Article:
Linda Jones was born in Auckland New Zealand. She started a long and hard battle for the right to compete alongside men in professional thoroughbred horse races. In 1976 she became the first woman in NZ to apply for an apprentice licence and this was rejected.
On appeal the Committee ruled that she was too old, not strong enough, and married. The decision was made despite the fact that Linda had just won the inaugural Qantas International Women’s Handicap at Rotorua in 1975 held during International Women’s Year. Linda and other female riders made a determined campaign in 1978 for equality Eventually NZ rules were changed to permit female jockeys. Linda gained her apprenticeship and had her first ride on 12th August 1978. By Christmas she was second in the NZ Jockeys premiership behind Shane Dye. Later In the same year, Linda became the first licensed female jockey in Australia
A Lady of Records
Winning her first race in NZ on Big Bikkies
Linda was the first woman in the Southern Hemisphere to ride 4 winners in a single day. She was the first to ride a recognized Derby winner (Holy Toledo in the Wellington Derby 1979). Linda was the first registered female rider to win a race in Australia against male professionals (Pay the Purple, 7th May 1979 in Brisbane).
Linda Wins Two Fights
Linda’s impact on Australian racing is now part of Australian racing folk law. One of her strong supporters, trainer Brian Smith who had taken the horse Balmerino to great heights, entered Pay the Purple for the Labour Day Cup at Doomben. This was a prelude to taking on the Brisbane Cup and the horse was installed as 3/1 favourite. The Committee advised Brian that his usual rider Linda could not ride the horse. Lady jockeys were not registered in Australia. Justifiably upset the trainer threatened to scratch the horse. In 1979 considerable money was bet on important races months before the race and the scratching of the favourite would not have gone down well with punters. These bets were “all in” and the bookies kept your money when a horse did not take its place in the field.
A hastily convened meeting of Committeemen granted Linda a licence to ride. On race day with an “inexperienced” young girl on board, punters shied away from the favourite. His odds blew from 4/1 to 14/1, but the first licensed female jockey in Australia got him up to win by a neck.
The award of both an MBE and AO recognized her achievements. Linda is a member of both the NZ Sports Hall of Fame and the NZ Racing Hall of Fame. She now lives on the Sunshine Coast with Husband Alan.
Violet Farmer was born in Melbourne in 1904. It is said that she was a restless baby at night and so her father devised a novel way to solve the problem. Harry Farmer, a Caulfield horse trainer, would take her out to the stables. Put on a horse’s back she would go to sleep.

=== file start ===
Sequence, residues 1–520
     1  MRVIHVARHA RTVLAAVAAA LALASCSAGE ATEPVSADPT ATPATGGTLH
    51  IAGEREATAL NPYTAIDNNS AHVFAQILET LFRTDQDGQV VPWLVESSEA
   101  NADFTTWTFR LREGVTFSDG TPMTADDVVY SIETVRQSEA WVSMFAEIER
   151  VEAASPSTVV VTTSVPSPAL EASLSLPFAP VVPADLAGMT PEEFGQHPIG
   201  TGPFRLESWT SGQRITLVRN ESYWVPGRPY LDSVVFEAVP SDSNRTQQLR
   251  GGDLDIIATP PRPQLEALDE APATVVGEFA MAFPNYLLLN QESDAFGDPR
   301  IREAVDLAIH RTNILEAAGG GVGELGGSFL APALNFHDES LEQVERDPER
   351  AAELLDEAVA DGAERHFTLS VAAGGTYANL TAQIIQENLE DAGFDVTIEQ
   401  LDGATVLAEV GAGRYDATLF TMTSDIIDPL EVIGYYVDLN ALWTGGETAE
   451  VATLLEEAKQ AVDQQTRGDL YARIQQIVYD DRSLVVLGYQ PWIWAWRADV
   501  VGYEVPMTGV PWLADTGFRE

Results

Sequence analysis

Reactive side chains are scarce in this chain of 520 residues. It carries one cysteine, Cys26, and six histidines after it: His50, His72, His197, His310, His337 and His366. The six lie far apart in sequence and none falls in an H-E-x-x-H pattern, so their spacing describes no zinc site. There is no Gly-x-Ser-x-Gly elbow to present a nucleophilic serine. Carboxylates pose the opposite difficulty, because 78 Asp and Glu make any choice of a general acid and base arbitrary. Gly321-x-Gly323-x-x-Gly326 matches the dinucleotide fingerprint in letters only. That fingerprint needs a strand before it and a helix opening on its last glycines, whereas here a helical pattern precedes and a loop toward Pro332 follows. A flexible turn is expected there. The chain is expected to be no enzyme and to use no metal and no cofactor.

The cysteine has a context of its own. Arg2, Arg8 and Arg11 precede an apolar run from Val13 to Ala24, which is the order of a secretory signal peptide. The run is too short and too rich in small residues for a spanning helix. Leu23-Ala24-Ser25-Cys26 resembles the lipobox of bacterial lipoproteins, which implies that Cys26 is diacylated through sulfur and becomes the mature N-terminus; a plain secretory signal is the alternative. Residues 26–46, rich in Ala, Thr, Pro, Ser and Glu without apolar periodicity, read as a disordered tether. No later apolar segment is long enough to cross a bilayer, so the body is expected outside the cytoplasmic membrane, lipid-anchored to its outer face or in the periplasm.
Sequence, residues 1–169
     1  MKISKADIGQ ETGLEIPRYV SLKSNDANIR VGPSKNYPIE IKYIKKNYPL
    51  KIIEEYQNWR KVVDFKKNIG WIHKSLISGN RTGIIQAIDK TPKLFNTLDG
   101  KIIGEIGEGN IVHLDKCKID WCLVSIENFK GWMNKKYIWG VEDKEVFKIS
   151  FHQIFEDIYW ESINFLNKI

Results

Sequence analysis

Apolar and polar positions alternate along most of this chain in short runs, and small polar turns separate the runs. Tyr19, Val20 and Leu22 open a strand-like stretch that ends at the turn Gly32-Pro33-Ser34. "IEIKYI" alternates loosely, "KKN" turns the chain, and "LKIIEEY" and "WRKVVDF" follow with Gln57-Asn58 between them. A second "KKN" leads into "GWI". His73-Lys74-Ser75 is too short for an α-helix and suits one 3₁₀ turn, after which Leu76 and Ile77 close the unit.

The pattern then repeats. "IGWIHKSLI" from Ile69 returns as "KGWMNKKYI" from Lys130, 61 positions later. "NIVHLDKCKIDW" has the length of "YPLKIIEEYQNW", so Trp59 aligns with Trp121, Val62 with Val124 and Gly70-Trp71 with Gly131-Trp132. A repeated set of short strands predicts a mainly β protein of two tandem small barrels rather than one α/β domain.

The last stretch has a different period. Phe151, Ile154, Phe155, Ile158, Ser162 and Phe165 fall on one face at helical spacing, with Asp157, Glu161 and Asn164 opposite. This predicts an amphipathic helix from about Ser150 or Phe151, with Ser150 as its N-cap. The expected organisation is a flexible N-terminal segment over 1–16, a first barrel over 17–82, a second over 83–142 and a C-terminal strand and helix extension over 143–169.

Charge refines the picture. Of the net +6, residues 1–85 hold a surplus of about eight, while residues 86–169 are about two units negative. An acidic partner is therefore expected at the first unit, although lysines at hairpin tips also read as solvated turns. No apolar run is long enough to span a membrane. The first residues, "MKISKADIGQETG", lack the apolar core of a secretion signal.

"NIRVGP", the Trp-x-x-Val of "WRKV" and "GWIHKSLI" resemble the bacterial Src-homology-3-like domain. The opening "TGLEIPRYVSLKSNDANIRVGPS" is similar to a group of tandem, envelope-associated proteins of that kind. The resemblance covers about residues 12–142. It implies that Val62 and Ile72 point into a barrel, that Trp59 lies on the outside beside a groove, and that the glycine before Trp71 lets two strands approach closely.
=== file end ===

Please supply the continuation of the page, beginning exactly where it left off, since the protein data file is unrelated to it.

Violet loved horses so much that she was given her own black pony at the age of 7. By the time she was in her teens she was riding her father’s horses in track work at Caulfield. She competed in a fund-raising event held by the Red Cross at Caulfield in 1918. At the young age of 14, Violet won an open event against the men. She was an early pioneer of animal rights and joined the Purple Cross Society. This was an organization which raised money for the welfare of horses involved in the Great War. Violet made her financial contribution by offering pony rides to children. At the age of 16 she left school to become a full-time stable worker.
The Superb Horse Woman
Violet Farmer soon made an impression as a competent horsewoman. In 1921 she rode against the professionals at Pakenham and the following year rode 4 winners and 2 seconds in one day at the Clyde picnic race meeting. In the mid 1920 she won 17 races from 18 starts. Special permission was required to ride in these country meetings and she also competed at country shows and gymkhanas. Violet was acknowledged as the best equestrienne in Victoria and probably Australia given her successes at the Sydney Royal Show.
Despite all her successes, Violet Farmer remained dissatisfied with her career. She was prohibited from competing at the city racecourses in Melbourne such as Flemington, Caulfield, Moonee Valley, Mentone, Epsom and Williamstown. In 1927 she married a well-known jumps jockey Bill Murrell. Bill strongly supported his wife’s efforts to be able to ride in city races. In 1929, Violet was given a special horse, Garryowen, and in the next 5 years the two of them won over 200 prizes at shows and gymkhanas. Her successes included first place at the Royal Melbourne Show three years in a row-1931-3.
The Murrells continued with their equestrian pursuits until tragedy struck on Friday 23rd March 1934. The Murrells were awakened about 2.00am by the screams of horses. Violet rushed outside to see the stables on fire. She ran into the inferno trying to pull Garryowen out, but her nightclothes caught on fire and she was badly burned. Bill attempted to rescue his wife and dragged Violet back to the house. But he was also suffered serious burns. The horses had to be put down and both Bill and Violet died at the Royal Melbourne Hospital within a week. Violet was only 29 years old.
Since 1934, the Royal Society has presented the Garryowen award to the best equestrian at the Royal Melbourne Show. This perpetuates the memory of a great horse and wonderful rider.